Come from the Galaxy : anon he sports,- To Charles Cowden Clarke, Line 5
Thus sprang direct towards the Galaxy . Endymion: A Poetic Romance, Book IV, Line 487
 
GALE..............1
His mighty voice may come upon the gale . I stood tip-toe upon a little hill, Line 56
 
GALERIES..........1
Arches, and domes, and fiery galeries : The Fall of Hyperion: A Dream, CANTO II, Line 28
 
GALL..............1
He died ere superstition's gall O Some Skulls in Beauley Abbey, near Inverness, Line 59
 
GALL'D............1
Hath he not gall'd my spirit to the quick? Otho the Great, Act I, SCENE III, Ludolph, Line 48
 
GALLANT...........6
'Tis gallant Sydney's, Russell's, Vane's sad knell, Lines Written on 29 May, Line 5
To hear of knightly deeds, and gallant spurning Calidore: A Fragment, Line 143
A gallant vessel: soon she seem'd to sink Endymion: A Poetic Romance, Book III, Line 648
About a midnight- gallant , seen to climb Otho the Great, Act III, SCENE II, Ethelbert, Line 141
No matter! 'Tis a gallant enemy; King Stephen Act I, SCENE I, Stephen, Line 16
The tiptoe marquis, moral and gallant , The Jealousies, Line 150
 
GALLANTLY.........1
Of stedfast genius, toiling gallantly ! Addressed to Haydon, Line 10
 
GALLANTRIES.......1
And all the smooth routine of gallantries , The Jealousies, Line 760
 
GALLERIES.........1
Arches, and domes, and fiery galleries ; Hyperion: A Fragment, Book I, Line 180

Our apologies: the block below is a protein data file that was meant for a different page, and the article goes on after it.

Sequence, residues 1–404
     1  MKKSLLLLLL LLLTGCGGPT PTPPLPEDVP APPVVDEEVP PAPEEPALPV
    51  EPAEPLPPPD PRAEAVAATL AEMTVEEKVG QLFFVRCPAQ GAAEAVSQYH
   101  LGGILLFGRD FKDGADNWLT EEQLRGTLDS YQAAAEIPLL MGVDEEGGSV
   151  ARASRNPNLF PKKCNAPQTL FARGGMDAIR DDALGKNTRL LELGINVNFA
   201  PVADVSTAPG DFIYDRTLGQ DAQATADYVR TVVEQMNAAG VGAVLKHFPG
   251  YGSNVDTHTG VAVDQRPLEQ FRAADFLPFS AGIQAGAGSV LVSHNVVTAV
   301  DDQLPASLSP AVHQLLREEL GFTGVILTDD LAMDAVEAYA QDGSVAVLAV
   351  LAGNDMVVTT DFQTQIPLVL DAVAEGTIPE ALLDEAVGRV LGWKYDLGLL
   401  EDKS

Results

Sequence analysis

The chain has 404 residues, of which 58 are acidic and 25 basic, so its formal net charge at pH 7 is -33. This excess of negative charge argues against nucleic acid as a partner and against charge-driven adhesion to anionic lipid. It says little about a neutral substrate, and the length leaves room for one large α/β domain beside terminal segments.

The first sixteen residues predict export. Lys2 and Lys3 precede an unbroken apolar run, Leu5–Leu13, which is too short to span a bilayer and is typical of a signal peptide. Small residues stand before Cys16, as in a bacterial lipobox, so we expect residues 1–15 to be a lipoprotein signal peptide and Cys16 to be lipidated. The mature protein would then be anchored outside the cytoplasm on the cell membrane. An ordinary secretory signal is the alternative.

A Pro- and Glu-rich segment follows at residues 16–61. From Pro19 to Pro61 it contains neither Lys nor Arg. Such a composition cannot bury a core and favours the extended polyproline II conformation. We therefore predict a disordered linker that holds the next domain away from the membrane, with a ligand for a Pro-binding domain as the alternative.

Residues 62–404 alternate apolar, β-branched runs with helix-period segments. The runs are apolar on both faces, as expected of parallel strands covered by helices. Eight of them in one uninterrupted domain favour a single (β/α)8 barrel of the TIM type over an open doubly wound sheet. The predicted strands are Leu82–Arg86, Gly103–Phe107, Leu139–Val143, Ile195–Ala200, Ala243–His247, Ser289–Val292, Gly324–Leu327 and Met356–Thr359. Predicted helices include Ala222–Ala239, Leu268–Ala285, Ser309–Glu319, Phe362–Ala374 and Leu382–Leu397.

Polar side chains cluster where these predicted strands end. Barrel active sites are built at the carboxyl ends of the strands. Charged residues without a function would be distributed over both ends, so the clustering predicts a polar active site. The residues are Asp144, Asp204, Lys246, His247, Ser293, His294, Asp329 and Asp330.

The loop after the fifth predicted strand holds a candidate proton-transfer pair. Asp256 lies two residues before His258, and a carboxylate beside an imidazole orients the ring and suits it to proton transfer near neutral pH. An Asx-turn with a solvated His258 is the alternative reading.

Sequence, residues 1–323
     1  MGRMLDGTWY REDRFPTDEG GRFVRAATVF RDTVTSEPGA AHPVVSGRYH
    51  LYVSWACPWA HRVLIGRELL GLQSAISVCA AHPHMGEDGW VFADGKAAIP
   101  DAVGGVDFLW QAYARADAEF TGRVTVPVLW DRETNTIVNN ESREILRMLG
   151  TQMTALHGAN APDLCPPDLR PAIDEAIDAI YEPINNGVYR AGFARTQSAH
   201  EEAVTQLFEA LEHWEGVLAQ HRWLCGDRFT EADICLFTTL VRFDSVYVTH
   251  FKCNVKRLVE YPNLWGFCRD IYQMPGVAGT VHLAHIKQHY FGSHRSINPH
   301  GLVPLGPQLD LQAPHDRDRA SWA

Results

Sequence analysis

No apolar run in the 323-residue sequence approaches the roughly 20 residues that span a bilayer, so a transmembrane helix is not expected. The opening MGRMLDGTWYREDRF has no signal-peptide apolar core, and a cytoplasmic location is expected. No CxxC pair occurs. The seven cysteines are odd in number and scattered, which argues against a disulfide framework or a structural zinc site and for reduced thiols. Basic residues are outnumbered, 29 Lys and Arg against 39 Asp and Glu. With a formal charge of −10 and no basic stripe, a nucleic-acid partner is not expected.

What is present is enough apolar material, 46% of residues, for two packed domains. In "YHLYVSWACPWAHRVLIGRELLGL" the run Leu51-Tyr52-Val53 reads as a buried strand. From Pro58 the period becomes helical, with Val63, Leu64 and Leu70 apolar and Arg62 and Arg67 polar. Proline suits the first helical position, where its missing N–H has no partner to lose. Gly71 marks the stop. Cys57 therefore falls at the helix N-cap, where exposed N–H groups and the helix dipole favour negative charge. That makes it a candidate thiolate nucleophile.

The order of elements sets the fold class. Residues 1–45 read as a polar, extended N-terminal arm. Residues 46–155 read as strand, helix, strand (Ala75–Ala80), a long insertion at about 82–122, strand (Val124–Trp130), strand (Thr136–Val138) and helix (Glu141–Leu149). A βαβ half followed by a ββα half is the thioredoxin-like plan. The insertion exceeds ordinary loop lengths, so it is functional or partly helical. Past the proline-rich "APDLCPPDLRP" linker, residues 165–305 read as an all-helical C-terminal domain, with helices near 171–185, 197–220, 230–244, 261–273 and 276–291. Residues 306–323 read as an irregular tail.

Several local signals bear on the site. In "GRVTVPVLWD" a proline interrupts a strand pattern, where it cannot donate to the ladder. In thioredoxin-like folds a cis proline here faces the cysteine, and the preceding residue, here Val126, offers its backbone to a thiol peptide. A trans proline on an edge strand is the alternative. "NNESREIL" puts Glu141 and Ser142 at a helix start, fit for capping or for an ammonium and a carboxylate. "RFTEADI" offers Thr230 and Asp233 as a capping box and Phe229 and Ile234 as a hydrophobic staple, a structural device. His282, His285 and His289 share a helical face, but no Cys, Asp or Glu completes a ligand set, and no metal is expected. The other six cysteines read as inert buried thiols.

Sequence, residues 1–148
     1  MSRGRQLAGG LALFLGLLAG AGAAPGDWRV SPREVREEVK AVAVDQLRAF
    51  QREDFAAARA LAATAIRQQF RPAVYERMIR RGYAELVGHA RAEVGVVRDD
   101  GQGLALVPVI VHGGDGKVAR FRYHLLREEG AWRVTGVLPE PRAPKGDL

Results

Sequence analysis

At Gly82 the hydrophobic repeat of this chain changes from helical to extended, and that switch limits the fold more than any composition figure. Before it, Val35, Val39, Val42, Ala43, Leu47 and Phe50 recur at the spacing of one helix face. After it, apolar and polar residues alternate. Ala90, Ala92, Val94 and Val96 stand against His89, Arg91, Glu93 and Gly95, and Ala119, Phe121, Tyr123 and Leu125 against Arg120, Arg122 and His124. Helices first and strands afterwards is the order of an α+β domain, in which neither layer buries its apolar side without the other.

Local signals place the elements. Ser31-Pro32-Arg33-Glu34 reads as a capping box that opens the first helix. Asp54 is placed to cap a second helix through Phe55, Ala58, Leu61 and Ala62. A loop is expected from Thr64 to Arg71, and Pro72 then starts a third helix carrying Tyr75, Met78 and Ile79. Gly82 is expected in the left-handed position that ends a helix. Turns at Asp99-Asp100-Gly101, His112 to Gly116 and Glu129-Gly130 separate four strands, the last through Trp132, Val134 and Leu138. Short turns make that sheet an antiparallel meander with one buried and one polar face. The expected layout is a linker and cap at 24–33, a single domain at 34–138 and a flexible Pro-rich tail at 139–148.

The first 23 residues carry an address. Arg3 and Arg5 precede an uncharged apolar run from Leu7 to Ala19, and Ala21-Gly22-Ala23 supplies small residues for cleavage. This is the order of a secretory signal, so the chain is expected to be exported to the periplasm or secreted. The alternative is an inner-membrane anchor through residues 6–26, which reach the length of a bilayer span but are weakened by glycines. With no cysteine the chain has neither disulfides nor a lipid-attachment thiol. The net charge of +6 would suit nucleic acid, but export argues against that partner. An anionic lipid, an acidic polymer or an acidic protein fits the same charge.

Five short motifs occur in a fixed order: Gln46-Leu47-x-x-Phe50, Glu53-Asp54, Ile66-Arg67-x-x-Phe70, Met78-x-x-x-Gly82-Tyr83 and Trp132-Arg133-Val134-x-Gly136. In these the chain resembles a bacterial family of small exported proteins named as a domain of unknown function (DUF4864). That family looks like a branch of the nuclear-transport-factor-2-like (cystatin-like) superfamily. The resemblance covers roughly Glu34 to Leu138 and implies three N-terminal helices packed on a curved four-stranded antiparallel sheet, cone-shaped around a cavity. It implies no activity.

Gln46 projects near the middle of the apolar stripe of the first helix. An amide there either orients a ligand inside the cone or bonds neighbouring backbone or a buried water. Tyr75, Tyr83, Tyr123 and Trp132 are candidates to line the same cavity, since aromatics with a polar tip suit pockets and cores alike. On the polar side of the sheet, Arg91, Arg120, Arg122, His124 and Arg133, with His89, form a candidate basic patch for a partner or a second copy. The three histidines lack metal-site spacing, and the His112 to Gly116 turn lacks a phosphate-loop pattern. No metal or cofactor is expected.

GALLERY...........2
Into a marble gallery , passing through Endymion: A Poetic Romance, Book II, Line 256
Through many a dusky gallery , they gain The Eve of St. Agnes, Line 186
 
GALLEY............3
Of seamen, and stout galley -rowers' toil: Endymion: A Poetic Romance, Book IV, Line 248
A golden galley all in silken trim! Dear Reynolds, as last night I lay in bed, Line 56
The eastern soft wind, and his galley now Lamia, Part I, Line 223
 
GALLIES...........1
Vowing he'd have them sent on board the gallies ; The Jealousies, Line 223
 
GALLOP............1
At canting gallop - Ah! ken ye what I met the day, Line 18
 
GAME..............3
Speed to the game . Otho the Great, Act III, SCENE II, Conrad, Line 35a
She wish'd a game at whist - made three revokes- The Jealousies, Line 700
"She cried for chess - I play'd a game with her- The Jealousies, Line 703
 
GAMELYN...........1
Gone, the song of Gamelyn ; Robin Hood, Line 34
 
GAMES.............1
Surprises me!- they too at these high games ! The Jealousies, Line 142
 
GANE..............1
Ah Marie, they are all gane hame Ah! ken ye what I met the day, Line 37
 
GANGES............2